A Greenwood woman told investigators she gave her 12-year-old daughter applesauce spiked with Prozac for about six months without a doctor prescribing the drug to the girl, police said.
Karen S. Walsh, 51, was charged with felony neglect after admitting Wednesday she gave the girl the drug to help her sleep, the Johnson County Sheriff's Department said.
According to a probable cause affidavit, Walsh told officers that the child had trouble sleeping and that Walsh therefore administered the drug using her own prescription beginning in April.
Police said the Department of Child Services notified them of the situation and that Walsh stopped giving her daughter Prozac this month after DCS told her to stop.
Walsh was aware that Prozac can cause medical conditions, such as an increase in suicidal thoughts, and should only be used with a doctor's supervision, police said.
Walsh told officers, "I knew the doctor would tell me to stop," when asked why she didn't seek medical care for the girl, according to the probable cause affidavit. "I was just trying to help her sleep and I guess I should not have done it."
Police said Walsh told them she gave her daughter about 5 mg of the drug every night and sometimes woke her up to make her eat the applesauce spiked with the drug.
"She couldn't answer (a) question as to why she would wake her up (to give her the spiked applesauce) if she was having this issue with sleeping," Johnson County sheriff's Detective Kirby Cochran told 6News' Derrik Thomas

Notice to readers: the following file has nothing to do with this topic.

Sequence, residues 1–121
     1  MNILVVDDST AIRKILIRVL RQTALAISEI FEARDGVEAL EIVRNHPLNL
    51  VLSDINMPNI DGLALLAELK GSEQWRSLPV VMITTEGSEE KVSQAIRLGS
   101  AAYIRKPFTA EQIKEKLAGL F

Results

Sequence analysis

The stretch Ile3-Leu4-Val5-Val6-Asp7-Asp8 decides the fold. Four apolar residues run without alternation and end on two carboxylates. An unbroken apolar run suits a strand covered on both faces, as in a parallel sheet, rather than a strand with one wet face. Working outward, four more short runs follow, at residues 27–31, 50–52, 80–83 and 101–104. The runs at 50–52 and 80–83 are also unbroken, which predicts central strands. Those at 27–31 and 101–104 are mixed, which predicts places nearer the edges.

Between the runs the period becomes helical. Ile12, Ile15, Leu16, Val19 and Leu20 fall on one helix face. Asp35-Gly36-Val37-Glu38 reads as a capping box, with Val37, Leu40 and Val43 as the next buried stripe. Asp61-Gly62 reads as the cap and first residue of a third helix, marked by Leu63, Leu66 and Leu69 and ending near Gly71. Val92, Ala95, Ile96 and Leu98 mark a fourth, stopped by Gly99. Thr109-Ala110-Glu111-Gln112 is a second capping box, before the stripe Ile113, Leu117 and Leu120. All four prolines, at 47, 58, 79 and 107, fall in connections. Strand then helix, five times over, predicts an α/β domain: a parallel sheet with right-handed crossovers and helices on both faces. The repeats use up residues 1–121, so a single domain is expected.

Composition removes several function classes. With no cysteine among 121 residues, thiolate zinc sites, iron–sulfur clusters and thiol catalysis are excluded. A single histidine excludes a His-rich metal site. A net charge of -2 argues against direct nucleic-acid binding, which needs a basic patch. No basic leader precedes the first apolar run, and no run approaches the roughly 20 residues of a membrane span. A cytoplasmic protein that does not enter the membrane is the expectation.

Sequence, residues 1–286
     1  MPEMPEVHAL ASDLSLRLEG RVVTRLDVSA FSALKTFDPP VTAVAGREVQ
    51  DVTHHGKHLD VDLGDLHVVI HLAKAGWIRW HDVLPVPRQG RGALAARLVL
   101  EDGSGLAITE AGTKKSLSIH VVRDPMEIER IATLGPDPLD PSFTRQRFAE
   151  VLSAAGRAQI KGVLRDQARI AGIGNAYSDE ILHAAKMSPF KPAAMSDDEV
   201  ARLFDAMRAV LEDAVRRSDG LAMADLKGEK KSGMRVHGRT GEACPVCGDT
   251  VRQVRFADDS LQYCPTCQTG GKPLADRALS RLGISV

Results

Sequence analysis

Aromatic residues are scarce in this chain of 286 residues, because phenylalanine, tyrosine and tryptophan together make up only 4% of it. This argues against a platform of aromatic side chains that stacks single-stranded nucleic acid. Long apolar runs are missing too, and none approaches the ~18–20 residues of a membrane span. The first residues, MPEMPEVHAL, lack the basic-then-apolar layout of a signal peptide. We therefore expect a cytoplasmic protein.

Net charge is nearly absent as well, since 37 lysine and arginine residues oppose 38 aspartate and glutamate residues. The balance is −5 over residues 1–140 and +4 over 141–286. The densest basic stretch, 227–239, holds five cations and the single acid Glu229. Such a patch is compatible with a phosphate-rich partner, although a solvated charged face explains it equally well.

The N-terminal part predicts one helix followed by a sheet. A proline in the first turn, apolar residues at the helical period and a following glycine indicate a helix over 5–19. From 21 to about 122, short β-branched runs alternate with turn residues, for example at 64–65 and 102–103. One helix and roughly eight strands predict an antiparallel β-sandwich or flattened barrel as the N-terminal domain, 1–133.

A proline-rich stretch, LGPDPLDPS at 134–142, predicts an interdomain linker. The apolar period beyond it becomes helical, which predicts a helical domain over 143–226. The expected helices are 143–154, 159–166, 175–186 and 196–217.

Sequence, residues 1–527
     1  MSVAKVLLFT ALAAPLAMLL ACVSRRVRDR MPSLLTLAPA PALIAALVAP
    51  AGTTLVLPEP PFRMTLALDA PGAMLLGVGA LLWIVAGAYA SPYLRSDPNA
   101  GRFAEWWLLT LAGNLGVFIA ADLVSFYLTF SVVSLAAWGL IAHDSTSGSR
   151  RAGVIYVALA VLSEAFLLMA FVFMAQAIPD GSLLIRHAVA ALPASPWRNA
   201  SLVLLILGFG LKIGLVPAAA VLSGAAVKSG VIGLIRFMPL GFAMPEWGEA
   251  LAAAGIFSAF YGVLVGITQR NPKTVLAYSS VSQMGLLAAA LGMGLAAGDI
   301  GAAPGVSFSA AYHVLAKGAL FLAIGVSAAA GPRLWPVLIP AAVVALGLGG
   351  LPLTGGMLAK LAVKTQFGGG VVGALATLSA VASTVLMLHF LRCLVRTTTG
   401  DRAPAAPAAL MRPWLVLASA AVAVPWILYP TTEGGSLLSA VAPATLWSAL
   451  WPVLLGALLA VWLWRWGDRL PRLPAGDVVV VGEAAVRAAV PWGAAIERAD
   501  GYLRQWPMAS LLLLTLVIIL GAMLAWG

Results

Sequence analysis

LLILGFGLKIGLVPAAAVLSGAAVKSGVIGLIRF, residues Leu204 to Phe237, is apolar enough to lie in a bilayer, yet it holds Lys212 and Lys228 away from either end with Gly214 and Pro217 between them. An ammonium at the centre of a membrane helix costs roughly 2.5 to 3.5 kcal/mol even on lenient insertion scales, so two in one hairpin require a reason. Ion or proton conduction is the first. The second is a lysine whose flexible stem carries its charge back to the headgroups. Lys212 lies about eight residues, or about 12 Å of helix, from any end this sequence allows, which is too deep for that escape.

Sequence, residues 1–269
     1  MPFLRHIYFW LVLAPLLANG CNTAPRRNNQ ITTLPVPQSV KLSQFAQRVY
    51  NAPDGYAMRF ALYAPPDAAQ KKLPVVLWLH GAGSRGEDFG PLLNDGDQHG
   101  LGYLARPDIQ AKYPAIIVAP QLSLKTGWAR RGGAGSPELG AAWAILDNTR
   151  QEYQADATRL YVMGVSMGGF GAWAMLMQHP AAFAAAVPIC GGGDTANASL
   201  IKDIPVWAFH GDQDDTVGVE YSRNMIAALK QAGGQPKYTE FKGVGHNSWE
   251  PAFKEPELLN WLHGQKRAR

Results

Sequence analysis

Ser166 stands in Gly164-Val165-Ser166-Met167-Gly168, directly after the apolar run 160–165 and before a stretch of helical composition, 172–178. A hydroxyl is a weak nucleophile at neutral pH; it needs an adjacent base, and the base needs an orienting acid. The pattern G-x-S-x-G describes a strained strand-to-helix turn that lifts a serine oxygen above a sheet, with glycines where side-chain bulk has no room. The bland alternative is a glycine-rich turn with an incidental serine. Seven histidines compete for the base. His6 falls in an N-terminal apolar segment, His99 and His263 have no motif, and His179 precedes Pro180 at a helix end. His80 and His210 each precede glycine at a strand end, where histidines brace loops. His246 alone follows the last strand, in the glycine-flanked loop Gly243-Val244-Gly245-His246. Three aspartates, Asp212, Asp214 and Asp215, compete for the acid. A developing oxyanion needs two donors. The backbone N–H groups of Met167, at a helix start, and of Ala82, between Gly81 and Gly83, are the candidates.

Walsh was arrested and charged with neglect of a dependent, a Class D felony, after police contacted three physicians, each of whom told them that giving the child Prozac endangered her.
Walsh was released on a $3,000 bond and for now will be allowed to remain at her home, where she lives with her husband, the 12-year-old girl and a 16-year-old daughter, authorities said. She has agreed not to give the girl any more Prozac, authorities said.
Walsh used Prozac herself for depression, according to police. Her husband has agreed to take their children to a doctor for examinations.
Authorities said they want to determine whether the 12-year-old will have any long-term damage from the Prozac use.
A pediatrician, Dr. Michael McKenna, told 6News that giving Prozac to a child who didn't receive a prescription for it is risky.
"A child is still growing, so ... there could be extra effects that maybe wouldn't happen in an adult that might happen in a child," McKenna said.
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